Reviewed: February 2017
Released: 2017, Inverse Records
Reviewer: Metal-Rules.com UK Team
After a ten year hiatus, Mustan Kuun Lapset have returned with their fourth full length album. After putting the band ‘to rest’ in 2007 the band released a compilation album (14 Tavea) in 2011 and more recently (last year) they brought out an EP with a new track which shared the title of the EP, ‘Kuolemanvirta’. The Finnish quartet have changed some members since 2007’s ‘Viiemeinen Laulu Kuolemasta’ with long term guitarist Pete Tamminen, who left in 2007, being replaced by Heikki Piiparo as well as Kai Hanninen making way for Ville Pekonen to take the reigns of bass duties. The album may have comes as a surprise to those ardent followers of Mustan Kuun Lapset, it looked like their ‘indefinite hiatus’ would be just that, indefinite. Now we have nine tracks full of dark, emotive soundscapes crafted by very creative and, for better words, patient musicians who have reinvigorated the slowly deteriorating corpse of yesteryear.
The introduction feels almost like a film score with some very atmospheric synth work as ‘Ja Toinen Yötä Rakastaa’ paves the way for the true opening of the album when ‘Peikonmieli’ gives us our first sample of Mustan Kuun Lampset’s darker side. The song is quite an enigmatic one. We get a diverse alliance of varying musical and metal influences. We are greeted with the harsh vocals Pete Lehtinen that wails over the fairly classical heavy metal riffs which also, at points, has rapid bursts of double kicks by long term servant and drummer of the band Mikko Hautala. There is not too much beef behind the many layers of instrumentation, albeit the backing death growls try to instill a little more force behind the music. This is a common feature of the album. There’s no real moments of truly obliterating heavy music but we do get treated to some interesting compositions. It’s hard not to like the synth work on songs such as ‘Amor Vincit Omnia’ which is reminiscent of Morbid Angel’s dramatic ‘Doomsday Celebration’.
‘Cilice’ serves as the best example of power that the band has. It in itself is very expansive and is rich in diversity but we get some excellent riffs which are joined by those harsh blackened vocals to create an impressive balad. The proceeding track ‘Sudenilma’ opens strongly again and is very riff driven to provide an anthemic track to the album. Although the guitar tone and vocals are very prominent in the mix, the drums just lack that impact that usually accompanies such technique. Stylistically they are heavy and we get more than a fair share of blasts but there is only a soft clack rather than a skull crushing barrage which detracts from their intended purpose. Plenty of positives throughout though as the lead work is poignant and really elevates the songs to exorbitant reaches especially if we take the beautifully worked ascension in the third track of this album which was as also the title track of 2016’s ‘Kuolemanvirta’ EP.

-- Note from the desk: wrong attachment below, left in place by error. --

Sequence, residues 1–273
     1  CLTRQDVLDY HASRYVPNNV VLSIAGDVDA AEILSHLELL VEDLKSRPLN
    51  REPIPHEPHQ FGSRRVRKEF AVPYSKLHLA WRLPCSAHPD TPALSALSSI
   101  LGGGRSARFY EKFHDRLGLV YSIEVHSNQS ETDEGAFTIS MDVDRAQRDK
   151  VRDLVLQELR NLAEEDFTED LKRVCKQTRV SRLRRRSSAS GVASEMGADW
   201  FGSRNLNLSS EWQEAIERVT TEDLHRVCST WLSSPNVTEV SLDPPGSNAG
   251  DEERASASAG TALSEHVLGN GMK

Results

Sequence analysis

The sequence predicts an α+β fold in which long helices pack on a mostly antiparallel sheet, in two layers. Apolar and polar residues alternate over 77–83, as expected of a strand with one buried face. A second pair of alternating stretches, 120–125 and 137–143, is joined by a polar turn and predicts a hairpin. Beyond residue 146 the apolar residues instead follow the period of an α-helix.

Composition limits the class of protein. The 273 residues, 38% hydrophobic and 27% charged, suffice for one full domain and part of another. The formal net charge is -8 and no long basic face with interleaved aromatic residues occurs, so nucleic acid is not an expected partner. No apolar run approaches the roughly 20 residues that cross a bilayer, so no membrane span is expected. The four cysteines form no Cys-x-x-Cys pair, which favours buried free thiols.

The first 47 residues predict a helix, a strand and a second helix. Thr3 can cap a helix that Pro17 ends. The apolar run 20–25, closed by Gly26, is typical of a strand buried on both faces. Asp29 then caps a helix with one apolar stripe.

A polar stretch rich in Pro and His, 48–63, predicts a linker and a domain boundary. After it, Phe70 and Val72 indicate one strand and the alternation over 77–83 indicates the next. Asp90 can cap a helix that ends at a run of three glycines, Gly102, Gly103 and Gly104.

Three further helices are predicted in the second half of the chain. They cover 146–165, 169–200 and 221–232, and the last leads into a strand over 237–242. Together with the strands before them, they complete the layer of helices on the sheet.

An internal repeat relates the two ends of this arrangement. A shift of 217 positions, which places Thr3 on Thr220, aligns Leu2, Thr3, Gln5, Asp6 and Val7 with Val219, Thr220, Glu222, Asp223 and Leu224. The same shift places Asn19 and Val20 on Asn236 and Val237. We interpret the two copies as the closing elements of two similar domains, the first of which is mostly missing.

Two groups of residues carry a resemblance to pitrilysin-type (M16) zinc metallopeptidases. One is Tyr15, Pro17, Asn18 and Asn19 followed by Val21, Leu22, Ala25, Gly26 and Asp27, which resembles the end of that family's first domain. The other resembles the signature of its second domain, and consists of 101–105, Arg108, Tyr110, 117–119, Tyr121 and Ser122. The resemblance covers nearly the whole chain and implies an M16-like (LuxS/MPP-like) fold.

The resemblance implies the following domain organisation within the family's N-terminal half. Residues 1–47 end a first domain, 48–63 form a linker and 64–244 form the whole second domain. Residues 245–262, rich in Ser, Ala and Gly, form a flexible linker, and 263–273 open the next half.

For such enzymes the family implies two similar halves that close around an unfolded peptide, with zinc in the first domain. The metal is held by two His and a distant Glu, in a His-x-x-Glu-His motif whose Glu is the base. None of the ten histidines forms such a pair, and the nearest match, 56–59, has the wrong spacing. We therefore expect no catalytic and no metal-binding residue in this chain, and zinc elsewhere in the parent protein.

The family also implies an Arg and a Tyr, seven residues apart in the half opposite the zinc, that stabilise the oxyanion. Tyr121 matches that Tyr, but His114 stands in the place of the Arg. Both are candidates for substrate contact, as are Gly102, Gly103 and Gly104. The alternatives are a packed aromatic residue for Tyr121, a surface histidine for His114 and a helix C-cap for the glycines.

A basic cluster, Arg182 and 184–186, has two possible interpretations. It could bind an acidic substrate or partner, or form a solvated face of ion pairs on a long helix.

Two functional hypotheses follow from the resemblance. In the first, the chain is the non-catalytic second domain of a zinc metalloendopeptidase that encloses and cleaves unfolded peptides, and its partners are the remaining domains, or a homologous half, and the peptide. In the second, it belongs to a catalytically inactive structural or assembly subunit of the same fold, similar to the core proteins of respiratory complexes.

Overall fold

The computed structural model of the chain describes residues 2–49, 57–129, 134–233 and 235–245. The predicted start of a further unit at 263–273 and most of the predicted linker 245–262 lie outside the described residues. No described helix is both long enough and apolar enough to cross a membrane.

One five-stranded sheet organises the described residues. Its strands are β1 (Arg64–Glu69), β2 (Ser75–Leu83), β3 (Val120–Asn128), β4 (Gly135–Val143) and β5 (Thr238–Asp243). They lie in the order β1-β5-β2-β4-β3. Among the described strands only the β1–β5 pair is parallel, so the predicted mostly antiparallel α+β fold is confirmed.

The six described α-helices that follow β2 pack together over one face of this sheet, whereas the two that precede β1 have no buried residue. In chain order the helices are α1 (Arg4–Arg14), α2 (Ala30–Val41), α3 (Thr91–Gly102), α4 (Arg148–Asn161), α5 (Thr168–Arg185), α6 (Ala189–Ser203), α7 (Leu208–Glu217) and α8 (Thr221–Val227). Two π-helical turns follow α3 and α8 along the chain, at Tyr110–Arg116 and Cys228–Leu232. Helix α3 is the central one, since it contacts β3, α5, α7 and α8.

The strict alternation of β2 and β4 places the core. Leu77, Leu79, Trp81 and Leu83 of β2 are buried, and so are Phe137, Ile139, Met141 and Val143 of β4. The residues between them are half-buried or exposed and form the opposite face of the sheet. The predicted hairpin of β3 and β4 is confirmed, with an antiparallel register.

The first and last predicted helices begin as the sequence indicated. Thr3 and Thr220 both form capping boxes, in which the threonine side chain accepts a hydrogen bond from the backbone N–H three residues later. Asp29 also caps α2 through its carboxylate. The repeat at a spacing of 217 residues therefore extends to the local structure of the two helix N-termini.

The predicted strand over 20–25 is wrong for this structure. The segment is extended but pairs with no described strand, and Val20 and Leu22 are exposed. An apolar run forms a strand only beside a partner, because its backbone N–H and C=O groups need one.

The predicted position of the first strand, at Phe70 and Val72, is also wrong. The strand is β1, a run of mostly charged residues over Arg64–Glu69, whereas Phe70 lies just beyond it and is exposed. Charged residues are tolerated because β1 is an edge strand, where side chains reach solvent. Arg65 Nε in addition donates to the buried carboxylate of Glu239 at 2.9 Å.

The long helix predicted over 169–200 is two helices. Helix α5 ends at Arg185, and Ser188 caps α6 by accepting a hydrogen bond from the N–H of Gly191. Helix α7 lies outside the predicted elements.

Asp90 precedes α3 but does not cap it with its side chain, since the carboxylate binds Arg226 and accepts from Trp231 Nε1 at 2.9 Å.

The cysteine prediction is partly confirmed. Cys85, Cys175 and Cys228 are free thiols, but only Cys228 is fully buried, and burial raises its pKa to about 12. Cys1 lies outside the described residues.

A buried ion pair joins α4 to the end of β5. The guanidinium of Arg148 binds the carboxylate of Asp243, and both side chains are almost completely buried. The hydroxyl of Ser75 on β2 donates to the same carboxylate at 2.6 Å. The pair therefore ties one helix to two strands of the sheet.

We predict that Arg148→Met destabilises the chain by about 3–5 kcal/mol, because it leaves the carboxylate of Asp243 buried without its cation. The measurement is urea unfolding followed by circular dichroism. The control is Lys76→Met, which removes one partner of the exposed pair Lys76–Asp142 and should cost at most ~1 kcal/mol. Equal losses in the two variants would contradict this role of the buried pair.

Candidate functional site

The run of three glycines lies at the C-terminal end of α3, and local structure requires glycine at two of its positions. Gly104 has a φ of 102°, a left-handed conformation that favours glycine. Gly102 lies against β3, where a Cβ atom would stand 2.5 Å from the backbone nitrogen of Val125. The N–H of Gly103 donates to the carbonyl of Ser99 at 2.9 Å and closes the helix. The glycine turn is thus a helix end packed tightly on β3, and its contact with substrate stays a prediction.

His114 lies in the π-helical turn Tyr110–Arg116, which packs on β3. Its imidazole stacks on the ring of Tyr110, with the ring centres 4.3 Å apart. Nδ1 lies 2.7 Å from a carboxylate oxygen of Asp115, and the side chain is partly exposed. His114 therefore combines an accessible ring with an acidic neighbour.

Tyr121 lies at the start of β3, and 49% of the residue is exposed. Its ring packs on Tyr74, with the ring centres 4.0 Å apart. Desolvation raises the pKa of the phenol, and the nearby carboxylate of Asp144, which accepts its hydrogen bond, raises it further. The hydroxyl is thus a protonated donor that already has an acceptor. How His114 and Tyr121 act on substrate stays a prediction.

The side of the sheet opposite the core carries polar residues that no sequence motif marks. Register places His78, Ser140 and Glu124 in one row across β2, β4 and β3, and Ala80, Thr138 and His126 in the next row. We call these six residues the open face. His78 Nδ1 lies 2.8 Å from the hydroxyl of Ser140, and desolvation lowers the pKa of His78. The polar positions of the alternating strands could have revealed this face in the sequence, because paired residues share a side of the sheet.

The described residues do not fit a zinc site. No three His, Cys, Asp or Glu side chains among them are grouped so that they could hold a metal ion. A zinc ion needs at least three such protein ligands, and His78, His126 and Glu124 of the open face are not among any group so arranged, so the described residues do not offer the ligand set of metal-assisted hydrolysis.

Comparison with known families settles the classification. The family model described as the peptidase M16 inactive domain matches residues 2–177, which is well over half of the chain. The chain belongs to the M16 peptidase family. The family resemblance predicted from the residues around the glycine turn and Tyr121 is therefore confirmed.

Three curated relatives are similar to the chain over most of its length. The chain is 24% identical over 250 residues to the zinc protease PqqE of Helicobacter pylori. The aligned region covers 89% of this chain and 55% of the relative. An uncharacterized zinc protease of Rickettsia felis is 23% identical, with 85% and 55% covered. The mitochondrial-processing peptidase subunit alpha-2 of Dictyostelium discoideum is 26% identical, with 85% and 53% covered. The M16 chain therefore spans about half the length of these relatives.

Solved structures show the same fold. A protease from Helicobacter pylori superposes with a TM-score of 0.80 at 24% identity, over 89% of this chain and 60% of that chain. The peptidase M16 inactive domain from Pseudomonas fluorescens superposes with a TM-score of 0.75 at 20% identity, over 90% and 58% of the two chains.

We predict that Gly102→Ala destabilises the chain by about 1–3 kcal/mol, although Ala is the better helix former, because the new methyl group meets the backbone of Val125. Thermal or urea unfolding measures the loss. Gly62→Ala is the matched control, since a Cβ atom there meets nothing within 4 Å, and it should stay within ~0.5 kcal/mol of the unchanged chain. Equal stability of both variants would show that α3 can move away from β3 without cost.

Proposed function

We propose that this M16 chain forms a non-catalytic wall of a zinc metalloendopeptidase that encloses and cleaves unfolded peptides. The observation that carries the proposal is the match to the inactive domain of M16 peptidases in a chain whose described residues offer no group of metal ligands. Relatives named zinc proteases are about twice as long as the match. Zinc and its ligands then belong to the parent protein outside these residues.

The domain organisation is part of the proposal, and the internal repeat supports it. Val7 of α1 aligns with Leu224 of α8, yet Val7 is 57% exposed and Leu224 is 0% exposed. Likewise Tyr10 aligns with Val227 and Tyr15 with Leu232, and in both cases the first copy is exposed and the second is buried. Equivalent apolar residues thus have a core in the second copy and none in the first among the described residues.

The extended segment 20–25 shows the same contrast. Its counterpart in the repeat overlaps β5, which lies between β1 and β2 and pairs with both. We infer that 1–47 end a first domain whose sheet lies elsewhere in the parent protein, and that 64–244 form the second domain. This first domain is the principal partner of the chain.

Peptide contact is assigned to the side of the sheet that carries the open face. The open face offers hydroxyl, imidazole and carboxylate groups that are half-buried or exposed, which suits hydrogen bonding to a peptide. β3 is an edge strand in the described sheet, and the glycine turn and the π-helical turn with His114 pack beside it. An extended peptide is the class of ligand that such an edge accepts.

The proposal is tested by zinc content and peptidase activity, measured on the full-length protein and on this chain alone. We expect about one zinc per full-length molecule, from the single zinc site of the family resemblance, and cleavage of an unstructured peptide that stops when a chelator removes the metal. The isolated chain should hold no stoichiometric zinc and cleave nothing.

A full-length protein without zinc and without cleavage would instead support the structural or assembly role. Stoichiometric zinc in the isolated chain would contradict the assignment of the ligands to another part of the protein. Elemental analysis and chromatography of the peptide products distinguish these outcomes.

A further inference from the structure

The album provides further sustenance as we veer towards the end of the album. The two parter ‘Valkoinen Satama’ with the first section ‘Haaksi’ maintaining a forceful edge and staggers into the realms of the Stockholm sound with plenty of melody being dominated by death growls. Again we get some impressive musicianship from the band with some highly pronounced and defined lead work which drives the song. The second part changes the dynamic entirely as we get a softly constructed, acoustically based track which welcomes some clean female vocals to the mix. Soulful in its embrace, ‘Tyven’ sets the album for a unexpected finish as we finish with the title track for the album.
At nearly nine minutes in length ‘Saatto’ can be seen as a fitting end to the album. It incorporates many of the stand out features of the album but also provides another demonstration of the band’s diverse musicality. With ‘Saato’ we get all the preceding touches that illuminate the album but we also get other elements thrown in for good measure such as a display of clean vocals from Pete Lehtinen. Again we get a fine performance with the lead work as the wah is used to accentuate the crescendo at the big climax. All in all there’s not too many thrills but the music is full of feel, atmosphere and emotion which eclipses any fundamental need for a brutal edge which is just not in this band’s genetic mainframe. Ten years is a long time so it’s open for debate to see how far this reformation will last. With Pete and Mikko’s ties to Septemberwolf long dead they have more time to focus on Mustan Kuun Lapset and really rally the cause. They have a dedicated following in their native Finland but the world is still at their feet.
REVIEW BY PETE MUTANT
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